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  • Rear toolposts

    Just curious who (here) uses them and for what, in particular.
    Dedicated cut-off?

    Just wondering pros/cons.

    Tony

    Edit: are they meant to be used with the spindle running in the "normal" direction? or "backwards".
    In normal direction, tool in RTP would be upside and cutting forces would want to lift carriage.
    Lift carriage = bad.
    Last edited by Tony; 01-03-2012, 04:16 PM.

  • #2
    Hi Tony,

    A rear post is on the tuit list, as I've used one before and got on very well with it - My plan is a 2 or more way turret or QC rear post with upside-down parting blade and a chamfer tool (as a minimum).

    Agreed, an upside-down rear parting tool might tend to lift, but more importantly it won't cause the work to climb the tool if the cut's too heavy, it'll force it down and this and any carriage/tool lift will reduce the depth of cut so it reduces the tendency to dig in, which is what often breaks parting tools On a "sturdy" lathe the tendency to lift isn't so much of an issue (I'd guess the carriage on mine probably weighs as much as the average hobby mini lathe - I'm spoiled ) and on a lighter lathe with well-adjusted gibs it shouldn't be a problem.

    Bear in mind that cutting force due to infeed on a front tool will also tend to lift the rear of the carriage from the way (hence most lathes have a keeper running under the rear way), tilting it around the front V-way, and this should be allowed for in the lathe's design...

    An upside-down tool has the advantage that chips clear more easily too (thanks, Gravity!), and sometimes it's very useful, e.g. if using an internal threading tool in a blind bore, when it's easiest to run the lathe in reverse and cut away from the chuck, avoiding knackering the tool in the bottom of the bore (well, it works for me!)

    Just my ha'pennorth,
    Dave H.
    Rules are for the obedience of fools, and the guidance of wise men.

    Holbrook Model C Number 13 lathe, Testa 2U universal mill, bikes and tools

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    • #3
      I have used them on occasion, but my current lathe's taper attachment doesnt allow for one and they arent really convenient (quite often in the way) unless youre running production.

      The other reason why I wouldnt run one, was bc I once had a rear mounted parting tool launched at me while trying to cut a really deep and skinny slot with too much tool overhang. The piece grabbed the tool, and when running upside down/forward it whistled past my ear before I knew it was gone. Admittedly my own fault, but made me reconsider the direction of possible bullets.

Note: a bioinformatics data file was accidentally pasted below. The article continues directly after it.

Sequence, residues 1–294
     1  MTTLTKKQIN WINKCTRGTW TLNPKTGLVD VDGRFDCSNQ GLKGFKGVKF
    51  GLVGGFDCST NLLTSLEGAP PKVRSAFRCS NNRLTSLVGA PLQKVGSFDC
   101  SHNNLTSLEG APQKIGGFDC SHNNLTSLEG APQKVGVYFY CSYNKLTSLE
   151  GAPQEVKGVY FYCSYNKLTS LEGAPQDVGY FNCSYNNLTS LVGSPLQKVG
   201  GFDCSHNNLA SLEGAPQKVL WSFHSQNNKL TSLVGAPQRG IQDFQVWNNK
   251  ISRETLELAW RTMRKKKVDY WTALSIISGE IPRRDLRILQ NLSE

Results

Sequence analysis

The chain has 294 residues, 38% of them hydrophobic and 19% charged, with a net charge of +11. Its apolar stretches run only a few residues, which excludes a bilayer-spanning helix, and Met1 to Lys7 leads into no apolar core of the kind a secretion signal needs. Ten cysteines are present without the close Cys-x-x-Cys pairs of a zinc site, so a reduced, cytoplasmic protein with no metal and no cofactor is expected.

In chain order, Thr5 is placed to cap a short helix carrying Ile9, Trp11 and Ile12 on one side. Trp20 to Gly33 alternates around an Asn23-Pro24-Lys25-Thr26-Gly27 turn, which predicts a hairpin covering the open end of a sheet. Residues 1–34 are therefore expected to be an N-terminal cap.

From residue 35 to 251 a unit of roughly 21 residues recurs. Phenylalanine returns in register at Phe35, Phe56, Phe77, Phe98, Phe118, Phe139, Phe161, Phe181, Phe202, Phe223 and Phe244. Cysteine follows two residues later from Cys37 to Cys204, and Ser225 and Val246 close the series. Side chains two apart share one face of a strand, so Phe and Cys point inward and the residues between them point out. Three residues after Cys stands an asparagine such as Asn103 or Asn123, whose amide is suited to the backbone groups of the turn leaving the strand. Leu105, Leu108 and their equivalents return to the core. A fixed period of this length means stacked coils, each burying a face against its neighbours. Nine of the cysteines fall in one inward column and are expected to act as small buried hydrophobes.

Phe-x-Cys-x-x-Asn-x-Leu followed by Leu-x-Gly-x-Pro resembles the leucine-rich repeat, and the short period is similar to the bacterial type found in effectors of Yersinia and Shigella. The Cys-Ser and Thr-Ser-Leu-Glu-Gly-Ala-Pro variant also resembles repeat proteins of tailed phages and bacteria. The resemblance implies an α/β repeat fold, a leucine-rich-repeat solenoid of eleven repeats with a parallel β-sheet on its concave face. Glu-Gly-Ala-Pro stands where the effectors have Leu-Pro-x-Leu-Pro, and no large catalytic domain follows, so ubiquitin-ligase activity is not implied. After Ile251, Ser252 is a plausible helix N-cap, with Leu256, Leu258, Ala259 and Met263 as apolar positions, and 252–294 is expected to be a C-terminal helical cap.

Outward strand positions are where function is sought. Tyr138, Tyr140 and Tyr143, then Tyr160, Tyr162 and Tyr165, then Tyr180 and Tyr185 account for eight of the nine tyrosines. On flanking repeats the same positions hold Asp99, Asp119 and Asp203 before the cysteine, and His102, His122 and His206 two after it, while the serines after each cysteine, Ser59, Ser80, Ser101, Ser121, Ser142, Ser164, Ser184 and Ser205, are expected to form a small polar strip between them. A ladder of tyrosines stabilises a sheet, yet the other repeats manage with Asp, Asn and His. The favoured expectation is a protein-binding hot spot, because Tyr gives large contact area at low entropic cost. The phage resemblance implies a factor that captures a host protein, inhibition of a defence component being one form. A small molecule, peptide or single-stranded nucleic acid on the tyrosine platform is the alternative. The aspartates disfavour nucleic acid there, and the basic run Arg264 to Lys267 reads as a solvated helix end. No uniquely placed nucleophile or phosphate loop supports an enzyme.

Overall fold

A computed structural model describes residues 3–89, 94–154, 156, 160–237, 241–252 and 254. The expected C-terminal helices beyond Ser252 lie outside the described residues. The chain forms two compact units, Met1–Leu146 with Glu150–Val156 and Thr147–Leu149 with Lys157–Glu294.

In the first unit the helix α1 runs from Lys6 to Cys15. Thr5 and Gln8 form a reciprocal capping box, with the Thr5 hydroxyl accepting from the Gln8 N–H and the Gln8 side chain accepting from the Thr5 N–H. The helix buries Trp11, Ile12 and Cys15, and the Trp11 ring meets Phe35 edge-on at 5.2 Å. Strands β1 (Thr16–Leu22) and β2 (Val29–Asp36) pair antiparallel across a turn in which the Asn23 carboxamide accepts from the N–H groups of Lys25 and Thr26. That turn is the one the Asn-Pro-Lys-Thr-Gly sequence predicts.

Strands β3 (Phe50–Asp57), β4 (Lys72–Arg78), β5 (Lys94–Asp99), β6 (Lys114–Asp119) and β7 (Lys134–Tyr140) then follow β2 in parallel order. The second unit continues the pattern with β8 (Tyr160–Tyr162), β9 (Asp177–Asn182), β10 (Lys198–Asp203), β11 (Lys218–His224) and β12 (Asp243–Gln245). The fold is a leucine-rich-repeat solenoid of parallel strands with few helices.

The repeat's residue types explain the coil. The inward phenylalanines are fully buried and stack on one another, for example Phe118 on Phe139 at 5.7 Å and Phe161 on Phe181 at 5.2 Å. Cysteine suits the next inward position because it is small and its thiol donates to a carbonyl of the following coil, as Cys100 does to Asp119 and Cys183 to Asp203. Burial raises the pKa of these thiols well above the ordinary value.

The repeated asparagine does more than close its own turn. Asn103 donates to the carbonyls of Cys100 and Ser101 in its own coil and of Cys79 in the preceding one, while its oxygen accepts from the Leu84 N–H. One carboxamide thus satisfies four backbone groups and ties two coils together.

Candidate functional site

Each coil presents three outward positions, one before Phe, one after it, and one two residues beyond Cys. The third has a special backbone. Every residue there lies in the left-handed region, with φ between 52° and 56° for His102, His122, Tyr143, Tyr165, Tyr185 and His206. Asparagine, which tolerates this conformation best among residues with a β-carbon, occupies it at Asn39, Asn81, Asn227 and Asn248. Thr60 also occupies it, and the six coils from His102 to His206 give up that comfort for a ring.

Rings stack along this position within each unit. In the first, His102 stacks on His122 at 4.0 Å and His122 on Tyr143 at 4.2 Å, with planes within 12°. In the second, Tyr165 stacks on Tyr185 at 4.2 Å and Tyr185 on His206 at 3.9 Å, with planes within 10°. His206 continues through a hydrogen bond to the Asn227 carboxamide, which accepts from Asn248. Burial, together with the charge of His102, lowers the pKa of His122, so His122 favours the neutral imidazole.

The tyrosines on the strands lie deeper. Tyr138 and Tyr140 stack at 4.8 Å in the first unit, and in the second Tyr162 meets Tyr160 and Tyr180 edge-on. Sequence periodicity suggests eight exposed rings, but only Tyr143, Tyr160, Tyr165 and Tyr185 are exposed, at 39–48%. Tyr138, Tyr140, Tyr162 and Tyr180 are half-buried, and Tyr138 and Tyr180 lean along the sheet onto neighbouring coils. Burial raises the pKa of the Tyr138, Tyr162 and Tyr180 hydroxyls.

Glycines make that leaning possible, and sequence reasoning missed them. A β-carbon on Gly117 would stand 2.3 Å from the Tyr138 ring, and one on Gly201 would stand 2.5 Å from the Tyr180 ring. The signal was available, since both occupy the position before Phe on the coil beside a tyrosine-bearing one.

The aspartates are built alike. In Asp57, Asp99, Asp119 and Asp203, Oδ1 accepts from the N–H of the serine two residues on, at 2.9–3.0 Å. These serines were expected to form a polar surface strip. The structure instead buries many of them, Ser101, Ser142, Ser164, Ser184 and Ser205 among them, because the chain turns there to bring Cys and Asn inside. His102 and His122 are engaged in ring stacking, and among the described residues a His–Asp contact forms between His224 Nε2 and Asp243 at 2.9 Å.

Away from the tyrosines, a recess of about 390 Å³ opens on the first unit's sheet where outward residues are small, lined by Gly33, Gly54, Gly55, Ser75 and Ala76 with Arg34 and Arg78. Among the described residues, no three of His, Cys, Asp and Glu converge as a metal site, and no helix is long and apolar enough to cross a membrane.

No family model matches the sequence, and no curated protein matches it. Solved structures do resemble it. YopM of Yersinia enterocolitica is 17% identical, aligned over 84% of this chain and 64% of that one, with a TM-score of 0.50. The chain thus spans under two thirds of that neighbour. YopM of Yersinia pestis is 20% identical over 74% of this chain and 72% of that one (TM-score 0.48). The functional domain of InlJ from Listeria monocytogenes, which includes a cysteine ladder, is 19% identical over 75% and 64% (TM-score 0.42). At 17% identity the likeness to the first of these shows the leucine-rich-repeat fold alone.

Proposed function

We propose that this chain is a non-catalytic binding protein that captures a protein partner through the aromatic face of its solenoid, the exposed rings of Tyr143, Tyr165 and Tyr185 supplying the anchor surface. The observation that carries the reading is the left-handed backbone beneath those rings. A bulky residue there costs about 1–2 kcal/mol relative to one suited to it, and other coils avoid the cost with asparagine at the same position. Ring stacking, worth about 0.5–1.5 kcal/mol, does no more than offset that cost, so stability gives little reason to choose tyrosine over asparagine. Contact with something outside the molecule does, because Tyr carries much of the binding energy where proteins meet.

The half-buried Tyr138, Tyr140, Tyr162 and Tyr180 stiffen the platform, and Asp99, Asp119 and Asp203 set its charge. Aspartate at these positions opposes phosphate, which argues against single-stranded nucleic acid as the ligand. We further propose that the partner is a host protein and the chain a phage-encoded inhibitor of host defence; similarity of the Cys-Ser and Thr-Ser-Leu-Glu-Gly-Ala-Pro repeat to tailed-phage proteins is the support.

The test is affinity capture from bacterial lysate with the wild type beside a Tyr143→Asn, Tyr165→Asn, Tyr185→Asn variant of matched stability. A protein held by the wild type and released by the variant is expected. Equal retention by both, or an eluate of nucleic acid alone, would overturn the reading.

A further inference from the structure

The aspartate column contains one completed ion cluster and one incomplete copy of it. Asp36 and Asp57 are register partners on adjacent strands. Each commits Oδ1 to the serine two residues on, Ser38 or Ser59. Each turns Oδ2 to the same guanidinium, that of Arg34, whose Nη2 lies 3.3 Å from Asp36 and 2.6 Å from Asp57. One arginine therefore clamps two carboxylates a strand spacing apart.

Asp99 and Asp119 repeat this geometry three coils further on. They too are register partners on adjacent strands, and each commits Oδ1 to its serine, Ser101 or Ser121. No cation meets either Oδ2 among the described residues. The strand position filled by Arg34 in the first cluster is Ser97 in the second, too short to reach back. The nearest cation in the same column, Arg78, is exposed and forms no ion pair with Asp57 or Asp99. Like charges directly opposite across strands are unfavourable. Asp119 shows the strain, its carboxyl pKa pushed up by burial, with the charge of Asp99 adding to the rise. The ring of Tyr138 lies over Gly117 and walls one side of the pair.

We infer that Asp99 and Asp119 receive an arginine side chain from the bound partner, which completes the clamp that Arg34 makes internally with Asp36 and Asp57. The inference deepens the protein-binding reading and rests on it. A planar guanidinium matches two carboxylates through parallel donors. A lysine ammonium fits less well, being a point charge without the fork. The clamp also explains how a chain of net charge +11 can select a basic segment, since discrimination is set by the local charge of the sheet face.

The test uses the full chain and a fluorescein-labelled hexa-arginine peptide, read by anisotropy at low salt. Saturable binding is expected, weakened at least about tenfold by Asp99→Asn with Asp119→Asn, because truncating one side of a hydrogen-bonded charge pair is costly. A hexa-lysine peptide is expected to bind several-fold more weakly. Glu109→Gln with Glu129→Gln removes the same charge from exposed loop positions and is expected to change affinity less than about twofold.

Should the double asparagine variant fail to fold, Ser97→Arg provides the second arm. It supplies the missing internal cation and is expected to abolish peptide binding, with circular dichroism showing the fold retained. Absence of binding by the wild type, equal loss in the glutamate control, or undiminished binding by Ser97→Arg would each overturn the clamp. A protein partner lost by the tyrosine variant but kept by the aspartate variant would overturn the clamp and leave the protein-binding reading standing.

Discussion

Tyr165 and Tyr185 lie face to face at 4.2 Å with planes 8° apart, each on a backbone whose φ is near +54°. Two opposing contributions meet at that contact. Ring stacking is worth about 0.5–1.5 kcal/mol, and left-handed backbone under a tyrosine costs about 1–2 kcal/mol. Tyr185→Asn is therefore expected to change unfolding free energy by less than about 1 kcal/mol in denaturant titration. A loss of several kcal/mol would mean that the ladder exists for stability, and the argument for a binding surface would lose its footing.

"I am, and ever will be, a white-socks, pocket-protector, nerdy engineer -- born under the second law of thermodynamics, steeped in the steam tables, in love with free-body diagrams, transformed by Laplace, and propelled by compressible flow."

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      • #4
        As Dave, post 2
        John

        I used to be indecisive. Now I'm not so sure , but I'm not a complete idiot - some bits are still missing

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        • #5
          My lathe has t-slots that run the length (front to back) of the carriage. The compound can be slid from extreme front to the back at will. A factory option was dual compounds.

          I've used it a few times on the back but it really doesn't buy me much. It's certainly awkward to get to and to read the compound dials unless I move to the back of the lathe.

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          • #6
            Originally posted by lakeside53
            My lathe has t-slots that run the length (front to back) of the carriage. The compound can be slid from extreme front to the back at will. A factory option was dual compounds.

            I've used it a few times on the back but it really doesn't buy me much. It's certainly awkward to get to and to read the compound dials unless I move to the back of the lathe.
            You don't want to be using a compound for parting (it's like clamping onto rubber ) use a dedicated big solid rear toolpost, part under power & get on with the next piece
            John

            I used to be indecisive. Now I'm not so sure , but I'm not a complete idiot - some bits are still missing

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            • #7
              ??? I wasn't referring to parting operations from the back. I was typically threading or getting some tool into a weird position.